That's typical of the humor that has helped make the group's amped-up politics go down easy.

Originally published on August 2, 2006

post on the dixie chicks


Dixie Chick Natalie Maines was just a tad stiff at the Garden show. Photo: N.Y. Post: Jim Alcorn Dixie Chick Natalie Maines was just a tad stiff at the Garden show.
Photo: N.Y. Post: Jim Alcorn
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August 3, 2006 --

THE Dixie Chicks don't like George Bush - they didn't back in 2003, when they told a London audience they were ashamed the president was from Texas, and they don't now.

At Madison Square Garden Monday, the trio's criticism hadn't ceased - it just went underground, into the music.

While that may irritate concertgoers in the South - where the trio had to cancel their big home-state show in Houston for lack of fan interest - here in New York City, the sarcastic "Hail to the Chief" with which they took the stage ignited wild cheers.

The Chicks concert was OK, not great - yet this one-night stand was anointed by the dominantly female audience with cheers and applause at every turn. The concert staging was subpar, the sound only passable and the band was stiffer than Al Gore.

Pint-size frontwoman Natalie Maines is a gifted vocalist, but she seemed to be trying way too hard. She forced her voice through many songs, which resulted in some very harsh tones and a look of constipation.

Fiddler Martie Maguire also appeared tense.

The only Chick who seemed to be having a good time was banjo-plucking Emily Robison (Maguire's sister). While it was probably just coincidence, in her tailored jacket and black slacks, Robison was the only Chick who displayed any fashion sense.

Politics and fashion aside, they made their best moves when their guitar-heavy seven-piece band turned down the amps and let the Chicks break out.

That happened during a cover of the Fleetwood Mac classic "Landslide," and in a few of their quieter originals, including their inspired rendition of "Lullaby" - easily the best love song of 2006.

They disappointed on the rollicking country/rock tunes - such as "Earl Must Die," about rubbing out an abusive spouse, and "White Trash Wedding," which they dedicated to Mel Gibson - where they were overpowered by the band.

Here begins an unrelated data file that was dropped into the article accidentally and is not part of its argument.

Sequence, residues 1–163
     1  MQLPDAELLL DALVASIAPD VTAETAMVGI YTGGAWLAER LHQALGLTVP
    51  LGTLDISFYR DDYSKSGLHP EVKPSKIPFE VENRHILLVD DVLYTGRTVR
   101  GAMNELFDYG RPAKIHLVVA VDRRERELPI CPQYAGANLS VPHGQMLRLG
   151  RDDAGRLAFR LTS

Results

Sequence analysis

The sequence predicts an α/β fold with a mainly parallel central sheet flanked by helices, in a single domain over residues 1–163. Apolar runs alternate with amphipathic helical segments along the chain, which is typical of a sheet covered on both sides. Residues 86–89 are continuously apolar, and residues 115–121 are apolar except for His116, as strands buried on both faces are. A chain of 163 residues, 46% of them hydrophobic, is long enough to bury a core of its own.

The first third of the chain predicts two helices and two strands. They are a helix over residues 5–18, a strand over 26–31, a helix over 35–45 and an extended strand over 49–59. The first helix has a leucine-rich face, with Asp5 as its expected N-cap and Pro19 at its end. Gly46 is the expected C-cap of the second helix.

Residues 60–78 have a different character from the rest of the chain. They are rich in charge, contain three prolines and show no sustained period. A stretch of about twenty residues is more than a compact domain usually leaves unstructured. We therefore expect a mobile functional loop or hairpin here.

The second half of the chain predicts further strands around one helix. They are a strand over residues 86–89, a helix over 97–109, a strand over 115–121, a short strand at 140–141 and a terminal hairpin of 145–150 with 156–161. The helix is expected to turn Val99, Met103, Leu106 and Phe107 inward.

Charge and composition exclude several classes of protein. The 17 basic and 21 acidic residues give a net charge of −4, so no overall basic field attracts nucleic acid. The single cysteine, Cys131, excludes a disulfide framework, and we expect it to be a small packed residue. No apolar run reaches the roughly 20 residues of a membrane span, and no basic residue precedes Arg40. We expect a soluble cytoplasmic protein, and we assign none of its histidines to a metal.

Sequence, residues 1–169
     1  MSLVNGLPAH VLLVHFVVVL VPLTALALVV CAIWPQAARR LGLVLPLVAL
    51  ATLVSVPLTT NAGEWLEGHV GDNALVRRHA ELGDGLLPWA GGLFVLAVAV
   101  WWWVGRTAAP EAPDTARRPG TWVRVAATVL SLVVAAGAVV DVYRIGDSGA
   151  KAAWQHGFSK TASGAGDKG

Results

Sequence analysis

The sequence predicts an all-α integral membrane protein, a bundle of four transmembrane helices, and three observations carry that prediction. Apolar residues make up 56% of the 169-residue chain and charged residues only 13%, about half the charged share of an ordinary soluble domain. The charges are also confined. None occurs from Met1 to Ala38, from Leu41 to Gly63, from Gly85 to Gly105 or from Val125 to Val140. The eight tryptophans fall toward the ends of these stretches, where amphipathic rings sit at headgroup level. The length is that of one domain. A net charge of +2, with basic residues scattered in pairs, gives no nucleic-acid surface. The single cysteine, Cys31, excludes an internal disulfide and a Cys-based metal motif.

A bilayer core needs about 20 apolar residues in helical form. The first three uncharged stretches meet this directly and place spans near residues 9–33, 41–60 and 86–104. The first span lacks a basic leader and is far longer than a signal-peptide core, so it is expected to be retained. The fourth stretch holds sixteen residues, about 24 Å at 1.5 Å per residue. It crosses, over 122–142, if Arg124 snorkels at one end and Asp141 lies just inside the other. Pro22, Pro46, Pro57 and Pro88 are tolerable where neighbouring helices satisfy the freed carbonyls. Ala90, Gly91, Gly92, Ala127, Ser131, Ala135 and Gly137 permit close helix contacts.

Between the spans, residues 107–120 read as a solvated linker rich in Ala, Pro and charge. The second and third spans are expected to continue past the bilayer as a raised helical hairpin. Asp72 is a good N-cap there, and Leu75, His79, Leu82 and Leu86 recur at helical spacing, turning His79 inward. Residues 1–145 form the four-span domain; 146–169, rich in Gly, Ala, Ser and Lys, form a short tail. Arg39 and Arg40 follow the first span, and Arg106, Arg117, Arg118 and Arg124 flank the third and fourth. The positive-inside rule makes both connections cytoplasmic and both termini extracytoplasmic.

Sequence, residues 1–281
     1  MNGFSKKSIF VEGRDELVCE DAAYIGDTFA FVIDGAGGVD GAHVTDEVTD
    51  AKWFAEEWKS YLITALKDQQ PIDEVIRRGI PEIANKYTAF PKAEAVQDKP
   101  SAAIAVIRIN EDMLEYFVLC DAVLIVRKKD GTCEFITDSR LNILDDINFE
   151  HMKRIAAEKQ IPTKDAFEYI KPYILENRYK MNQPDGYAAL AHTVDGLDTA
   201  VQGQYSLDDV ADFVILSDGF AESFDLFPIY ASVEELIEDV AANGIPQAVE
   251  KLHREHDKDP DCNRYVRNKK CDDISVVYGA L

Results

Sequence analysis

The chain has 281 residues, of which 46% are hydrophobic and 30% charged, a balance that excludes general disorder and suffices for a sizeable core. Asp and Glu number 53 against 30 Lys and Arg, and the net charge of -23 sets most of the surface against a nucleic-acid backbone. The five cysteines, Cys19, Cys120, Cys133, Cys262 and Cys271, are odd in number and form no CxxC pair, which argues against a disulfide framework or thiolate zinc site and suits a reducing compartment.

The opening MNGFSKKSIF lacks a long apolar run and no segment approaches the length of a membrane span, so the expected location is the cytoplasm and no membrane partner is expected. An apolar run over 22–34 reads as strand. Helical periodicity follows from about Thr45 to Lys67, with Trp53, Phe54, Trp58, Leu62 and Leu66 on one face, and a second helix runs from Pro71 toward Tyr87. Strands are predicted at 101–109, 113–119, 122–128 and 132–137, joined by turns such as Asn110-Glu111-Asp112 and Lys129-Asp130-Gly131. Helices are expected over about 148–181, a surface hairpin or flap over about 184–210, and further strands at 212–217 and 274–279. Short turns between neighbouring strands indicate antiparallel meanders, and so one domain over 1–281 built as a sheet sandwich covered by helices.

As Maines put it, "You know how it is when you're drunk. Not that this song has anything to do with Mel, I just wanted to give him a shout-out." She added with amused, catty reflection, "The [Dixie Chicks] controversy would have been over if I said I was drunk and went into rehab."

But she wasn't drunk. Instead, she wrote a very good song called "I'm Not Ready to Make Nice." At this show, it proved to be an unrepentant, artful composition that voiced her and the band's feelings with so much more power and grace than the words she blurted out to garner cheap applause and please a foreign audience three years ago.

Wednesday, August 02, 2006

Capricorn Horoscope for week of August 3, 2006

Capricorn Horoscope for week of August 3, 2006

Verticle Oracle card Capricorn (December 22-January 19)
Are you a force of nature right now, or are you a freak of nature? I think the truth is that you're a freaky force of nature. You're just about as anomalous as it's possible for a Capricorn to get, and yet you've also got the equivalent of a thunderstorm's energy at your command. The funny thing is, the two factors are related. Your eccentricity is feeding your power, and vice versa. My advice is to refrain from questioning and worrying about this unusual state of affairs, and instead just capitalize on the odd advantages you have at your disposal.

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last night at the dixie chick, kyan douglas were there looking fabulous. Rosie Odonnell and her wife Kelli and Cindy Berger, who also represents the Dixie Chicks. There was a CNN special on Ms Berger with such vocal and high profile clients, she is a busy busy woman.

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Tuesday, August 01, 2006